Keep in mind that this section is completely optional. It could be better to just tap out the 5V connection to the outside of the case, using the WC7756, and drilling a hole to hot-glue the end of the cable so that it is connectable from the outside. This might mean that people can pull out the power supply however.
Connect up the regulator and adjust it to 5V - 5.1V before you connect it to anything on the raspberry Pi.
The regulator does a great job of providing the current and stable voltage that we need.
Here we just used our double-sided tape to position the regulator, relay, and camera onto the acrylic base. You could use screws and nylon washers here to make a bit more of a professional mount / display.
In the picture above, we didn't attach the camera. That will go on last once it is plugged into the RPi.
Also remember that we are using a USB plug to power the device. If the wires to your plug is a bit flimsy, you can lock them down with either zip-ties (and drill-holes near the cable) or some hot-glue to do the trick.
The terminals are easy to place. Simply drill 4 holes in the housing to line up with each of the terminals. If you want to make the entire assembly a tad more waterproof, you can drill them underneath the unit for when you mount it to the wall, which will cover up the holes to protect from splashing. See the below picture for guidance.
Remember that one Red/Black pair will be the power in, and the other will be output for the latch. You should mark this on the unit once you have mounted the terminal block (either by glue or screws) so that you do not get confused later on, otherwise the device will not turn on.
You should put this terminal block to the side so that you have enough room in the unit for the pi to fit in, around the USB cable.
When connecting the terminals, keep in mind that there's two ways that you can connect the terminals,depending on what you want.
We've labelled them as general and active - which changes how the connection to the door strike is working. If you want the system to be completely 5V ( as so there is no 12V inside the case, and you are not using the regulator) then you can go with the general case, so that the terminals (A and B) will be shorted once the signal comes from the software ( via connecting A/B to the relay COM/NC).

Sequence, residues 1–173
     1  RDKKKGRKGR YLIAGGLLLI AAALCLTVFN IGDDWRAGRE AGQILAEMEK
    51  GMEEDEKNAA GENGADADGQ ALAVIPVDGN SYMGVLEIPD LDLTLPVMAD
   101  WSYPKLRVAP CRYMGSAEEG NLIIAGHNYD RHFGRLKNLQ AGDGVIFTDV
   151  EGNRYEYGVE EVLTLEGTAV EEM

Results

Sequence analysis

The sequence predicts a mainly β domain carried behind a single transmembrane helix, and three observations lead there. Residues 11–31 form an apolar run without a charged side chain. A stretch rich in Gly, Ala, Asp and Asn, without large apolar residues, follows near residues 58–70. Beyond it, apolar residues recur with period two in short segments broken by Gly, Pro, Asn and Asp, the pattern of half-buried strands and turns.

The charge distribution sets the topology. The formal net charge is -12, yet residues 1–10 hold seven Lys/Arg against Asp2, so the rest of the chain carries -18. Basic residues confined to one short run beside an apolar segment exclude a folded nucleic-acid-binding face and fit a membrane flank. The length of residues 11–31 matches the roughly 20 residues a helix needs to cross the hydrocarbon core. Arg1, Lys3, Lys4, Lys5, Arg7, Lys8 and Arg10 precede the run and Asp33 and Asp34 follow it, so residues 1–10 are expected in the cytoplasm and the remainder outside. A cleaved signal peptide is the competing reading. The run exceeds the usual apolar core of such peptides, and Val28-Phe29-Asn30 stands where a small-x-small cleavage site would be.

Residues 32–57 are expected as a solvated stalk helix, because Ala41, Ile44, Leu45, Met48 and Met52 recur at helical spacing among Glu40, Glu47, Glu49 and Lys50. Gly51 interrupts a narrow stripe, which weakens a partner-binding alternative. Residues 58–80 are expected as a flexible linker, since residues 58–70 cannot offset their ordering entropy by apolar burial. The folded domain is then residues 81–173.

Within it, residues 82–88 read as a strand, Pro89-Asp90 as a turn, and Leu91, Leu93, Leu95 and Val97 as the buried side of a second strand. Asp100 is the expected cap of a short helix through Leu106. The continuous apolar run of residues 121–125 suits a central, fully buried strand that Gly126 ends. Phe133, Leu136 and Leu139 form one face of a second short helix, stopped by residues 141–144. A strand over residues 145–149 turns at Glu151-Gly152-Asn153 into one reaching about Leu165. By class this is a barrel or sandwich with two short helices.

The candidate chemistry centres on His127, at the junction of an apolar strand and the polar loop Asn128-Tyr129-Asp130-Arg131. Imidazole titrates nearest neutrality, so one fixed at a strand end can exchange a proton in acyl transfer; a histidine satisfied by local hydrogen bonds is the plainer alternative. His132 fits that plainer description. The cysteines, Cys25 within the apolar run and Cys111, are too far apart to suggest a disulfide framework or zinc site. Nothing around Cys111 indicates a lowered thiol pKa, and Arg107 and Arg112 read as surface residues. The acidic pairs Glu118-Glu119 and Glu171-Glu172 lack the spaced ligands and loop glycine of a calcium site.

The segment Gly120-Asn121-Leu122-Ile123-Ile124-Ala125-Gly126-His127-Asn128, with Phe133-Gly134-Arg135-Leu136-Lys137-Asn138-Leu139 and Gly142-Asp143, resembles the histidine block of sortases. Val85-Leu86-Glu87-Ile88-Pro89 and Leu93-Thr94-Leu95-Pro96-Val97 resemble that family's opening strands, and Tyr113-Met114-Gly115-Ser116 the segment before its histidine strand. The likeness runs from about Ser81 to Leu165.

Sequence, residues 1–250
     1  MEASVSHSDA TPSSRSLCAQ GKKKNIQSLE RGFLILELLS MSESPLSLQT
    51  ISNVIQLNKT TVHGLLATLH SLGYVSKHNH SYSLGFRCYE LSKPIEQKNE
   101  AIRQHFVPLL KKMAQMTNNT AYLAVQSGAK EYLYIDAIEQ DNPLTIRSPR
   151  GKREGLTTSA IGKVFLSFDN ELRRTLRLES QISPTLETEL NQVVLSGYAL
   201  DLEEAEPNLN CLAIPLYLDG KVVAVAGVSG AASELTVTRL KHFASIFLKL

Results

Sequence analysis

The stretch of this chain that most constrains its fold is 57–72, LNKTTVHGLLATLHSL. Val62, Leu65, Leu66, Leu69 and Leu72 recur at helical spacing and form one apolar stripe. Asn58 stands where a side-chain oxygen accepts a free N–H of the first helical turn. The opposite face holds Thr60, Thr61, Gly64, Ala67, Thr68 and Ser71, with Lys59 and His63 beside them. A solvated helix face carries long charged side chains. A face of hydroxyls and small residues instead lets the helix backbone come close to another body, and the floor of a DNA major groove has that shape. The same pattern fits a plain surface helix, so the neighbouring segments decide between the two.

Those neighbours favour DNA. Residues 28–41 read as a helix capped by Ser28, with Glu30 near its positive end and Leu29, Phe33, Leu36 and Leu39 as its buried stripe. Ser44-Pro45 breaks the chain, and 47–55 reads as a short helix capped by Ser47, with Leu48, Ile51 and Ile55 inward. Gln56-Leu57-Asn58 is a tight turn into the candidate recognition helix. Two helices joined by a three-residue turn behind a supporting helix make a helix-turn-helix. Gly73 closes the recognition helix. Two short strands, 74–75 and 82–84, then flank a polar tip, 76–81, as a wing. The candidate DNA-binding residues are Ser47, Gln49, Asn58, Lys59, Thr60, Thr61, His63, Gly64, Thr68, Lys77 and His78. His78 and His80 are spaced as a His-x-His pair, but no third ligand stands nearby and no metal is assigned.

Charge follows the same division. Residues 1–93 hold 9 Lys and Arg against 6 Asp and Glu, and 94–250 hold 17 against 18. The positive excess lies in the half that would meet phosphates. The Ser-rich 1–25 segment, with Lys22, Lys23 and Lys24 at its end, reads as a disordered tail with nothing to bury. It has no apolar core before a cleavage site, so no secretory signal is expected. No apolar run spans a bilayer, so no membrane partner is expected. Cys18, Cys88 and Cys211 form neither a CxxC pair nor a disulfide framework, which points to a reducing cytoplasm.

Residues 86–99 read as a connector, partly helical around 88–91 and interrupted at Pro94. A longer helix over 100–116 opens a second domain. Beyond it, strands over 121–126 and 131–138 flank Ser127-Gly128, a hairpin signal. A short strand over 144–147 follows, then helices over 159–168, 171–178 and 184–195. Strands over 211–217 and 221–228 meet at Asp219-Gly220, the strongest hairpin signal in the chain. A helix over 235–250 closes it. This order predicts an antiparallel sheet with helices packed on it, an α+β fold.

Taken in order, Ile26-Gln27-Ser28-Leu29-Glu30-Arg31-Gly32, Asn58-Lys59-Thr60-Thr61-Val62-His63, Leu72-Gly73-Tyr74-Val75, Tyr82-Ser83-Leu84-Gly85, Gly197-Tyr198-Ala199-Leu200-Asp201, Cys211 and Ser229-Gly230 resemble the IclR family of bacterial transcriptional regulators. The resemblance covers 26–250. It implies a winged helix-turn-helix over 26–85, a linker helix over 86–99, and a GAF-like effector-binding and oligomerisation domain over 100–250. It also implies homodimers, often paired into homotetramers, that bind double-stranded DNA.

Otherwise, you can connect it as shown in the 12V active which means that terminals A/B will act as a power supply; providing 12V when a signal comes from the software.
Either way is possible; it's just a case of how you want to set up the door strike with it's own power supply or using the power supply connected to the raspberry PI.
Once that has been done, you can connect it all up and press the acrylic sheet in. You should find that the acrylic is fairly tight but not impossible fit against the walls of the container. Once the relay and required components are in, the pi should power up just fine. You can run some test code to see if the relay functions before putting it in as wel.
Once it is in, test it out and tighten the screws so it remains water-proof.
Here is a screenshot of the device in use. Once it is hooked up to the network, find the device IP through your router settings or otherwise and open the page on a web-browser such as chrome.
Here it will generate a thumbnail of each face that it has found and has memory of, as well as the current live feed. you can delete users and deny access. You can access the webpage by going to the ip-address of the raspberry PI. If you also enable
ssh access you can connect to it wirelessly and configure it from within.
There is a wide variety of what you can do with this project; for instance, if you want to connect a speaker system to it, you can use something like PyMedia to play audio such as a voice prompt to say "access denied."
functions.py has the
accessGranted functions that define what happens when the user is denied or granted access, in our code you can see that it turns the relay on and off.
Below is a list of items we'd like to see in the project, but haven't had time to implement ourselves. If you want to work on these issues below, click on the related issue number and comment anything you might have issues with, we're happy to help you as much as possible.
|#4||Run faster with better async / code layout||Intermediate|
|#5||Better User Interface with vuetify||Beginner|
|#6||Change the ||Beginner|
|#7||build a Python 3.7 installer and convert project to python 3.7||Beginner|
|#8||Set friendly names for user IDs||Beginner|
|#9||Client should see new user ids as they are scanned||Intermediate|
|#10||Show the name on the screen when the face is detected||Beginner|
|#11||Improve the stream on the web interface (hint look at our pan-tilt camera project)||Intermediate|
|#12||Improve the speed of the ||Advanced|
|#13||Merge username / IDs||Intermediate|